What You Need to Know About Setting Up a Limited Liability Company

Books describing a limited liability company

Starting up a Limited Liability Company (LLC) can provide important business protection and potentially reduce to your tax liability. However, not all state LLC statutes are the same. And the protection afforded an LLC largely depends on how a person sets it up and uses it.

What is a limited liability company?

A limited liability company, or LLC, is a type of business entity that combines the advantages of both a corporation and a partnership. It provides the owners with protection from personal liability for debts or liabilities incurred by the business. This in turn makes it an attractive option for many entrepreneurs. An LLC also has fewer formalities and more flexibility than corporations, allowing owners to manage the business as they see fit. However, forming an LLC does require certain steps to ensure compliance with state laws.

The Benefit of Charging Order Protection.

One of the biggest advantages of setting up a Limited Liability Company (LLC) is that it provides you with “charging order protection” in some states. (Arizona is one of the states that gives this benefit.)

What is a charging order?

A charging order places a lien on the LLC’s income stream. This can prevent you from accessing certain funds typically used to cover business expenses. This protection ensures that creditors cannot attach any liens or judgments to the LLC and thus prevents them from seizing any assets or personal property. Additionally, in some states, it also provides liability protection for individual members of the LLC should a creditor attempt to collect against them.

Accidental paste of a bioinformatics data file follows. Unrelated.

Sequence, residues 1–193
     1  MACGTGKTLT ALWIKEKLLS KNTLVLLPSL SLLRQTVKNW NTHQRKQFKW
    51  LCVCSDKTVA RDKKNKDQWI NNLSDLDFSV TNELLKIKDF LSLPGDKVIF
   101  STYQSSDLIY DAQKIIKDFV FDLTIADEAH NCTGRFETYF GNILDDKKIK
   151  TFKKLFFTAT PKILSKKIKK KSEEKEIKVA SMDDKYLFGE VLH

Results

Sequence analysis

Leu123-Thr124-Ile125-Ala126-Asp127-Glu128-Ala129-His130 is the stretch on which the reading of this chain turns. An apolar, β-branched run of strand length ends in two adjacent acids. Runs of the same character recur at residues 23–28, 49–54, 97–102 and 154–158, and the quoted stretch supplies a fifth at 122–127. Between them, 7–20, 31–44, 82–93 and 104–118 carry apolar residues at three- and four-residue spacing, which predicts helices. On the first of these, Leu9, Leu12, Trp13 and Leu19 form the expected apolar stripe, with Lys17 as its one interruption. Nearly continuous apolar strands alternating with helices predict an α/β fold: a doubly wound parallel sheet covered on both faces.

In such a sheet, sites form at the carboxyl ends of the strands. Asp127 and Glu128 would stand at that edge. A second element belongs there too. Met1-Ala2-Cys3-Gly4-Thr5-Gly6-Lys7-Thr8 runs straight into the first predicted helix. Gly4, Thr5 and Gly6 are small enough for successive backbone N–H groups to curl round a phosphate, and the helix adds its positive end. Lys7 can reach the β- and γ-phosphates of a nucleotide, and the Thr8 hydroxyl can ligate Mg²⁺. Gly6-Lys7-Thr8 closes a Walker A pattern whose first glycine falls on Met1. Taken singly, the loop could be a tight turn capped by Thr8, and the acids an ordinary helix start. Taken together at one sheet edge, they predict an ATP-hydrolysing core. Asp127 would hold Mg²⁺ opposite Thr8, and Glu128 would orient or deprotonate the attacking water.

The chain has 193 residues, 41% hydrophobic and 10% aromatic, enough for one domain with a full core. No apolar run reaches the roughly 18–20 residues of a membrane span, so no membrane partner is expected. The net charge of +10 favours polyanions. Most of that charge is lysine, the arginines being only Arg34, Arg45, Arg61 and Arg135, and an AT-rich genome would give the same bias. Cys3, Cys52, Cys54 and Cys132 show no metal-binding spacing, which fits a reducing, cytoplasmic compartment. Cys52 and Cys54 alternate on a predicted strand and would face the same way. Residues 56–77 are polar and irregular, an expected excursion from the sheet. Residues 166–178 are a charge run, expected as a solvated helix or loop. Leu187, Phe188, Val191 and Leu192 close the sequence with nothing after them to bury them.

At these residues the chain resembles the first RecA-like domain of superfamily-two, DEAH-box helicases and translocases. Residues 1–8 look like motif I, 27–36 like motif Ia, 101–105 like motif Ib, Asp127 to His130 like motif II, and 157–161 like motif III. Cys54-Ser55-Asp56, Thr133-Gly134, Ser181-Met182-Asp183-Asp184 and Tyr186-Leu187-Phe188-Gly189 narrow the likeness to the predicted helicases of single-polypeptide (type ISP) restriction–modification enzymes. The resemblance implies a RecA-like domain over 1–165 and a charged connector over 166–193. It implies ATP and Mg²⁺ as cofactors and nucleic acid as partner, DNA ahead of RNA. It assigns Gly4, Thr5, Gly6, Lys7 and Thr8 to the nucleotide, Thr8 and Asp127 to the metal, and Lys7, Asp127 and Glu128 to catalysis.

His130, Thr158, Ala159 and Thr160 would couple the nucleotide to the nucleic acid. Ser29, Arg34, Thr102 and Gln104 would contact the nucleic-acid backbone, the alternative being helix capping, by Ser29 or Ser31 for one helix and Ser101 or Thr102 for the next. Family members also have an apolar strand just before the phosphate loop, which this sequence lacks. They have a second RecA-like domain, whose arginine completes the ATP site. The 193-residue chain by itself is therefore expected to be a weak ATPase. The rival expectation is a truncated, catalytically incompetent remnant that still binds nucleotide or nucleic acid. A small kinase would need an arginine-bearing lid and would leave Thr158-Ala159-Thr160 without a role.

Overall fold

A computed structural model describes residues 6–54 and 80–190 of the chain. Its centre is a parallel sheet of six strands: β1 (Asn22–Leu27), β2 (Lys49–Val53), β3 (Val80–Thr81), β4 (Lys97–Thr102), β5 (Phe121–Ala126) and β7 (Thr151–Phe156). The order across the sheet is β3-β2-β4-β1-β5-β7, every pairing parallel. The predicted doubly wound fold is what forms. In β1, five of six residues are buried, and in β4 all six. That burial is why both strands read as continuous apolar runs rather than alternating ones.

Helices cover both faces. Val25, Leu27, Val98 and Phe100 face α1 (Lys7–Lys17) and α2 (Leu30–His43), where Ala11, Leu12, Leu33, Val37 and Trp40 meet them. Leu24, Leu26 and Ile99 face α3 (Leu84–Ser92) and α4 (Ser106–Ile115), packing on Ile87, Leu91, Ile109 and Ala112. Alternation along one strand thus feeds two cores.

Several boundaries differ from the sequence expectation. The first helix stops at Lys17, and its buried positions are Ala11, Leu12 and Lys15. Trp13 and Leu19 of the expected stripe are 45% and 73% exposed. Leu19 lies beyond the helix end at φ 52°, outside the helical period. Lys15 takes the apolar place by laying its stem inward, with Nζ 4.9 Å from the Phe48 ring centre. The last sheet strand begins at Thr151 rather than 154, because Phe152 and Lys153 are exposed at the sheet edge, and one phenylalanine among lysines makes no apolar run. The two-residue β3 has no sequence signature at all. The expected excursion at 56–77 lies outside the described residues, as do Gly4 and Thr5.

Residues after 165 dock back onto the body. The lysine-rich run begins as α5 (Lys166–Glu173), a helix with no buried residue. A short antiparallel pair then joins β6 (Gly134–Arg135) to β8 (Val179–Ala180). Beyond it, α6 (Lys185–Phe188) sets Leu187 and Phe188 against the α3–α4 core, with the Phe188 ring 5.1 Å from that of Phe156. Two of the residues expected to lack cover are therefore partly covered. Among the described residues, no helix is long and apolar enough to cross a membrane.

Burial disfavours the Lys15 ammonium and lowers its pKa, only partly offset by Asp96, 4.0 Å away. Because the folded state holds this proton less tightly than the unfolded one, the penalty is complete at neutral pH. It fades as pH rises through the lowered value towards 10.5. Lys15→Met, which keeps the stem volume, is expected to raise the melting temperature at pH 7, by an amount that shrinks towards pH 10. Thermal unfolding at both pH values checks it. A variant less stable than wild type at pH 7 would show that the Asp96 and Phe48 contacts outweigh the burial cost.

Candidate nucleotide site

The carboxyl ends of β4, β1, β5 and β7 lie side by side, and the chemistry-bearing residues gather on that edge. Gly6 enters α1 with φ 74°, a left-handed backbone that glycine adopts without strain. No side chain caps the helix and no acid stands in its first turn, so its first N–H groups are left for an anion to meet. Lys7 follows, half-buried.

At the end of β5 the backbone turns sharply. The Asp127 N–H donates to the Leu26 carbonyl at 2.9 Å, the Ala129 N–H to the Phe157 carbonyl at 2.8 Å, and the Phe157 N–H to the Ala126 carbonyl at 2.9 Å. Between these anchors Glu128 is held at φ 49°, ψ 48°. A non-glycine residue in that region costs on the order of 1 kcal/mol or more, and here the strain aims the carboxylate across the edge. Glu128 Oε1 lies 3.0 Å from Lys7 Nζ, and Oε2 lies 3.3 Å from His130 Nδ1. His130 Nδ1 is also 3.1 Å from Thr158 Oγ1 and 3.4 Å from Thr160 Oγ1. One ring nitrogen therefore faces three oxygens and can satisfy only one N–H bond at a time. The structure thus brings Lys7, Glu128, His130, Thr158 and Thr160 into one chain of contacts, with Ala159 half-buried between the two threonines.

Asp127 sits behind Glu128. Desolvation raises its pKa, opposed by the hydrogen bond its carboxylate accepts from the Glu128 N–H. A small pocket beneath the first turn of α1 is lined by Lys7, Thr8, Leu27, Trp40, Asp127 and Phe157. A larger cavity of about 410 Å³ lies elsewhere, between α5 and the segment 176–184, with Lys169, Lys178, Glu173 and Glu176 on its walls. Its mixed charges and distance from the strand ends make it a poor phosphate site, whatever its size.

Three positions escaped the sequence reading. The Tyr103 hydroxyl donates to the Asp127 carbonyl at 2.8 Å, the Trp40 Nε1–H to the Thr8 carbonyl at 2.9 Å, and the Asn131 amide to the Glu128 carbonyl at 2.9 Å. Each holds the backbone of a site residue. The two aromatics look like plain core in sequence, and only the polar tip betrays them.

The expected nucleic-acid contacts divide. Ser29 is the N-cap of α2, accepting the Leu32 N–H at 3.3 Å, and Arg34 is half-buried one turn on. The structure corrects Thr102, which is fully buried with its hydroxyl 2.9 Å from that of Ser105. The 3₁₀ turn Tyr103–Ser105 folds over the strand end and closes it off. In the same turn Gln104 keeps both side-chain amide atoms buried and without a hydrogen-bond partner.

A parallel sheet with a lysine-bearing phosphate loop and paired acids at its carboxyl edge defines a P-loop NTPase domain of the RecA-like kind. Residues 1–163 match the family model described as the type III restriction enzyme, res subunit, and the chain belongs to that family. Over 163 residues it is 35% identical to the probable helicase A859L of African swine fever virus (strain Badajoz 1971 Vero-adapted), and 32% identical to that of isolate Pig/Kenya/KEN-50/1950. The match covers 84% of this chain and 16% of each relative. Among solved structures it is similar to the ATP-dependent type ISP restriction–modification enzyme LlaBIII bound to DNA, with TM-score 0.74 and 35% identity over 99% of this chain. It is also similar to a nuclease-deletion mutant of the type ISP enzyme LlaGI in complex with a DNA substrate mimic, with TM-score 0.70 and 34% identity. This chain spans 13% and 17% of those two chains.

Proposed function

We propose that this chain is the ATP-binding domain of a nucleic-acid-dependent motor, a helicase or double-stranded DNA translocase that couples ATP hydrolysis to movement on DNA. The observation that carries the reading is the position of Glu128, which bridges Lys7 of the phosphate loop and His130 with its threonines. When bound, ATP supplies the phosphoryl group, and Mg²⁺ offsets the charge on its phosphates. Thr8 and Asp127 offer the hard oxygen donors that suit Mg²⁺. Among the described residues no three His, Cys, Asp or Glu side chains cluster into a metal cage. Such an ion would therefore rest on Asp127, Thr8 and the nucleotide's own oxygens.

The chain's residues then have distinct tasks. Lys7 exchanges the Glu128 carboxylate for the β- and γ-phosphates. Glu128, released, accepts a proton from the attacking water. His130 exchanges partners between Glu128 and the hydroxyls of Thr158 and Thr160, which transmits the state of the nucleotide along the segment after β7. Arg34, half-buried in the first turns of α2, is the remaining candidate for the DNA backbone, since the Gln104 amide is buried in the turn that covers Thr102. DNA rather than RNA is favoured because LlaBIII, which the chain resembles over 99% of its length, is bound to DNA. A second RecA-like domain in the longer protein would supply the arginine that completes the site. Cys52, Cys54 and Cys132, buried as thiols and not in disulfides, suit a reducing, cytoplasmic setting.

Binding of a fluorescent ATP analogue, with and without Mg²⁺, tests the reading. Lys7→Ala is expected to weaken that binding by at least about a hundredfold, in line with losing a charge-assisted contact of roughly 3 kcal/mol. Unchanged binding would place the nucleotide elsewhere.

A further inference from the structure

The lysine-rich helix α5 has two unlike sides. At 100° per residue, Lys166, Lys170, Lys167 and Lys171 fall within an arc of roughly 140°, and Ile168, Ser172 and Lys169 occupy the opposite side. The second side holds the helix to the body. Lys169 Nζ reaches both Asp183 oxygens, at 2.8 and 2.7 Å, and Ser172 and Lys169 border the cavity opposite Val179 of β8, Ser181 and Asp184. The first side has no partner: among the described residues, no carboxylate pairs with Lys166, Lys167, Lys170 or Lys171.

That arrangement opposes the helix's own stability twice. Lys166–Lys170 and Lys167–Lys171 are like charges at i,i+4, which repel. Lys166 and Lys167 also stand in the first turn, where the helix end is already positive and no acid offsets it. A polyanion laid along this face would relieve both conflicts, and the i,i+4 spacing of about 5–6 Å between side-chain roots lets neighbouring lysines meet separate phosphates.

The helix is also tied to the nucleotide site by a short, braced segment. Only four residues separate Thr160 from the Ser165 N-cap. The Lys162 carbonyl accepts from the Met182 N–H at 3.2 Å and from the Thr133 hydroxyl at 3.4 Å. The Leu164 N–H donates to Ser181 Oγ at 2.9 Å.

The benefit of having a creditor’s remedy limited to a charging order.

Some states (like Arizona) limit a creditor’s remedy against an LLC member to a charging order. That means that if someone gets a judgment against you personally, your creditor cannot get your interest in an LLC that you own. The most they can get is a charging order.

Here’s how that’s a powerful protection. Whoever manages the LLC (and it could be you) can choose not to distribute income out of the company. Instead, the LLC manager can choose to let the income accumulate inside the company. That creates “phantom income.” Phantom income is income that someone needs to pay tax on, even though the tax payer doesn’t receive money.

Then if you creditor can get a charging order, and you decide not to distribute out the LLC’s income, your creditor needs to pay tax on the phantom income. 

Here’s a quick story about phantom income.

When I was in junior high school, my parents brought in some investors to help expand a nursing home business that they owned. Together they formed a limited partnership. My mom was a limited partner. The general partners decided to squeeze my mom out of the business. They did this by refusing to distribute money to her to pay for her share of the partnership’s income. In other words, my mom had phantom income. This was very difficult for my parents. I still believe it was one of the reasons my dad died of a heart attack within a few years after this happened. My mom eventually settled with the other partners by simply agreeing to walk away from the business. To her it was a good deal because she avoided having to pay any more income on the business’s phantom income.

Quick Recap About Charging Orders.